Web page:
Thus the heavens and the earth were finished, and all the host of them. And on the seventh day God finished his work that he had done, and he rested on the seventh day from all his work that he had done. So God blessed the seventh day and made it holy, because on it God rested from all his work that he had done in creation.
I think if we reflect honestly during this pandemic we will view this “safer at home” time as a gift of liberation from lives held captive by schedules, work, and hyperactivity. Specifically, we should allow ourselves to be called back to observance of the Sabbath. That is, establishing a rhythm of work and refreshment in imitation of God.
That God intended for human beings to work two-thirds of their waking hours and rest for the remaining hours of the day was expressed by his pattern at creation. In the creation account, God marks his “days” as a workman would—the workday begins in the morning and ends at evening. “Evening and morning” bracket the rest occurring in between workdays.1 At the end of the Lord’s workweek, he “rested,” establishing the Sabbath by his example also. The verbs Moses uses to describe God’s inauguration of the Sabbath are instructive: God finished his work and rested; he blessed the day and made it holy (2:1-3). These are not dour words or concepts. Finishing, resting, blessing, sacramentalizing are words conveying satisfaction, enjoyment, approbation, and an intentional desire to make a day delightful.2
God calls us to return to the pattern he created for our flourishing—an arrangement designed to bring us joy. In Exodus 16, we catch another glimpse of this principle at work, as God would daily provide the Israelites' needs through their work, but he would always supply more than they worked. They could lay down their tools at the end of the day, and their life-sustaining needs would be supplied for the rest of the evening until the next workday. And after working by that pattern for six days, he would supply all of their life-sustaining needs for a whole day of physical rest and uninterrupted opportunity to thank God for all his blessings. There was nothing that should have felt restrictive or oppressive about this any more than it should today. This was truly liberating and dignifying.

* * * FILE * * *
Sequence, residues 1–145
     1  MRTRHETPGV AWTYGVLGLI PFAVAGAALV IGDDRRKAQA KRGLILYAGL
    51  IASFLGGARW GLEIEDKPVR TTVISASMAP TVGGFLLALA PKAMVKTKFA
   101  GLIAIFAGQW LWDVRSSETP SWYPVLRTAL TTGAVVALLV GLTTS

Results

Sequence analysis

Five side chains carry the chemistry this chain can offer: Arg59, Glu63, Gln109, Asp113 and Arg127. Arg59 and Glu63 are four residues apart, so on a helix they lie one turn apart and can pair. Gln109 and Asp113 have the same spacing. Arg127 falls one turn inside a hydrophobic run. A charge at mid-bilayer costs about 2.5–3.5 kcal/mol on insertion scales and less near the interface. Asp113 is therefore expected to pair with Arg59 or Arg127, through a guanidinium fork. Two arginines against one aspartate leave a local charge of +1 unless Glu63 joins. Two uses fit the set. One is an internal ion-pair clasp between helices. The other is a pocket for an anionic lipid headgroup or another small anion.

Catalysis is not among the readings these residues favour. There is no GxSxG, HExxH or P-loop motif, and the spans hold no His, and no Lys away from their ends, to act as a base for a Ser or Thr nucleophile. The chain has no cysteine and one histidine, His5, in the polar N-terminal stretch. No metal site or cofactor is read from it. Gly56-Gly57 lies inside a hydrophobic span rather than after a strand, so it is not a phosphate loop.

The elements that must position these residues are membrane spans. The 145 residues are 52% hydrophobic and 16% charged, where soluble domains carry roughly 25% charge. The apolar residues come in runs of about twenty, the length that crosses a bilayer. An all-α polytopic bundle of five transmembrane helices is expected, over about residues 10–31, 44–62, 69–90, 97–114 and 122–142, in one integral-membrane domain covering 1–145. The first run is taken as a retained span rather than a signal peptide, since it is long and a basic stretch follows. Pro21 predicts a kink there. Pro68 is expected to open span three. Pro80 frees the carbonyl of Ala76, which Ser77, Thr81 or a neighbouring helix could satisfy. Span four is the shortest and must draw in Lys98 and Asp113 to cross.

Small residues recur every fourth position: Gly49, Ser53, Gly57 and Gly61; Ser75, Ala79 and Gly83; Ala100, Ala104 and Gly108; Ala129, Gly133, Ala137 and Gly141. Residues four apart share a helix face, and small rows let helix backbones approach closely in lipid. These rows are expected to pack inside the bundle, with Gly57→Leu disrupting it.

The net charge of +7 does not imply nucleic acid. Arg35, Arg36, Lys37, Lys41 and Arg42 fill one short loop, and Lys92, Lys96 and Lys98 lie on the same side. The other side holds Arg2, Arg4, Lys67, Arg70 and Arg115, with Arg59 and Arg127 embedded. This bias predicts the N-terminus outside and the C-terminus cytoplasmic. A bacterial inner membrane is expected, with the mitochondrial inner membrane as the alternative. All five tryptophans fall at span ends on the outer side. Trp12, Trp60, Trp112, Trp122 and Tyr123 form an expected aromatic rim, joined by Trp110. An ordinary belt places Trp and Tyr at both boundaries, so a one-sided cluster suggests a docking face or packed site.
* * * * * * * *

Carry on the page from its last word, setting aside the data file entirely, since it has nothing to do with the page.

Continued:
Our Sabbath observance, however, would be empty without making corporate worship an integral part of it. Every other commitment we have adds something to our to-do list, but when we retell the gospel in corporate worship, we experience the reality that "It is finished!" One writer insightfully sums it up like this:
…not even our group leisure activities can do for us what Sabbath rituals could once be counted on to do. Religious rituals do not exist simply to promote togetherness. They're theater. They are designed to convey to us a certain story about who we are without our even quite noticing that they are doing so. (One defining feature of religious rituals, in fact, is that we often perform them for years before we come to understand what they mean; this is why ministers and rabbis are famously unsympathetic when congregants complain that worship services or holiday rites feel meaningless.) The story told by the Sabbath is that of creation: we rest because God rested on the seventh day. What leads from God to humankind is the notion of imitatio Dei: the imitation of God. In other words, we rest in order to honor the divine in us, to remind ourselves that there is more to us than just what we do during the week…We have to remember to stop because we have to stop to remember.3
Working and educating from home have made our need for the Sabbath even more acute, because our normal rhythms that are ordinarily broken up by place now all bleed into every part of the day, meaning we are often “on” all the time.
Of all the changes this pandemic has forced on us, let us be a people who return to the Sabbath principle God wove into creation by stopping our work, engaging in corporate worship, and receiving the rest Jesus freely offers us in the gospel.
- On this see C. John Collins, Genesis 1-4: A Linguistic, Literary, and Theological Commentary (Phillipsburg: P&R, 2006), 77.
- Collins, Genesis, 70-71.
- Judith Shulevitz, “Bring Back the Sabbath,” The New York Times Magazine (2 March 2003).